Hitting bottom, or bottoming-out can best be described as the compression from an individual’s weight will compress no further. Additionally, cushions shape themselves around the individual’s posterior giving no special treatment to the pressure points within – such as ischial tuberosity’s (butt bones), coccyx (tailbone), trochanters (hip bones) and in some cases the sacrum.


So even with the technology of the modern world, cushions have worked the same today as in Biblical times.


People who are confined to situations where they sit or lay for long periods of time, such as one who is in a wheelchair or bed-ridden, need cushioning that provides much more than the typical cushion that will bottom out causing both comfort and health problems.


This need for better cushioning technology is what drove two scientists in the early 1990’s with a thorough understanding of structural engineering, to develope a cushioning product around the concept of buckling columns. At the time, they called their cushion invention Intelli-gel. The buckling column cushion was evaluated by the Rehabilitation Engineering and Applied Research Lab at Georgia Tech University against a standard foam cushion, a Reflexion foam (incorporating visco-elastic foam otherwise known as memory foam) cushion and a commercially available inflatable bladder (air) wheelchair cushion.


The data collected from these evaluations indicated advanced pressure redistributing characteristics of the buckling column cushion. Interface pressure was found to be

transferred from the ischial tuberosity (IT) area resulting in lower recorded pressures than the inflatable bladder wheelchair cushion. Pressures at the IT site were measured at approximately 33% lower than the Reflexion foam and 47% lower than the standard reference foam.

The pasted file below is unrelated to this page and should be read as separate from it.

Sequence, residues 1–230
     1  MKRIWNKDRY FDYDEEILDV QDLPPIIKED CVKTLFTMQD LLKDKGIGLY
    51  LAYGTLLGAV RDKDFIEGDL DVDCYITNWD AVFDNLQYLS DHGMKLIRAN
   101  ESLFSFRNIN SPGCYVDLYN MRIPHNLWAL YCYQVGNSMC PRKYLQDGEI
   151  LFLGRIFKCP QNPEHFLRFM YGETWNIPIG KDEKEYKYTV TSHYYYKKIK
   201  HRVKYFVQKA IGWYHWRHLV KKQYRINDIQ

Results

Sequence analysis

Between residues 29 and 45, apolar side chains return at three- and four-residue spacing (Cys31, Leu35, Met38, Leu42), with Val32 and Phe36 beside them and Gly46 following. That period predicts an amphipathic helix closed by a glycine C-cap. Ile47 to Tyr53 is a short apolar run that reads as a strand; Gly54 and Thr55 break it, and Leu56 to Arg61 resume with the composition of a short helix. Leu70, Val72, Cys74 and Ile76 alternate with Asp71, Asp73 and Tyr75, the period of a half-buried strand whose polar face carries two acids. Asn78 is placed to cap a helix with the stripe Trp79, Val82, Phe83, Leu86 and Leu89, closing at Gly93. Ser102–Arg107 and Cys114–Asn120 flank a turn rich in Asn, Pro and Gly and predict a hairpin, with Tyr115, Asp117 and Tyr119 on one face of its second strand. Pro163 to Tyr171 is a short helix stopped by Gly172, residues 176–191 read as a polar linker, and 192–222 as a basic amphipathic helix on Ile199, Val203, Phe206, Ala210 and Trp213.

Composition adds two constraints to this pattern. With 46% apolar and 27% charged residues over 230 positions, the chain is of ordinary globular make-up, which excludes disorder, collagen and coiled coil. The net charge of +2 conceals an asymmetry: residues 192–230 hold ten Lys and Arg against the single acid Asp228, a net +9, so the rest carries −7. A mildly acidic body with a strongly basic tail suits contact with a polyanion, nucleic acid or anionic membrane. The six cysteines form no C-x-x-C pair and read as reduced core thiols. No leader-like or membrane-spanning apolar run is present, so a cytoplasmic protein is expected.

The net finding from these tests suggests that for many people, the buckling column cushion is more effective at reducing peak pressures index values than the other cushions tested. In addition when tested on five residents in a nursing home, the buckling column cushion was reported to provide increased comfort, improved sitting posture and tolerance.


Another evaluation of the buckling column cushion performed by the Tissue Viability Consultancy Services, Ltd, involved 5 residents in a nursing home, all with pressure ulcers up to Stage 2. The only intervention in their care was the exchange of their existing pressure relieving cushion with the buckling column cushion. Both visual inspection and ultra sound measurements showed healing at day 14 for all cases, with particular significance for those with Stage 2 pressure ulcers. At the end of the trial, there was no evidence of pressure damage for any of the volunteer residents.


The cushioning products for wheelchairs currently using the buckling column technology are all EquaGelunder the trade name EquaGel® and are produced by EquaPressure, LLC of Alpine, Utah. There are four models of the EquaGel® Wheelchair Cushions – Straight Comfort, General, Protector and Adjustable Protector. The EquaGel® General Cushion is recognized by Medicare as an excellent cushion for extended comfort. Both the EquaGel® Protector and the EquaGel® Adjustable Protector cushions are recognized by Medicare as cushions providing not only the extended comfort, but also providing superior protection for skin integrity.


So in one major leap, the technology of cushioning has now progressed far beyond from what was available during biblical times and even 20 years ago. A new standard in cushioning has now been set.


The EquaGel wheelchair cushions are distributed nationally by GelTechCo, LLC of Denver, Colorado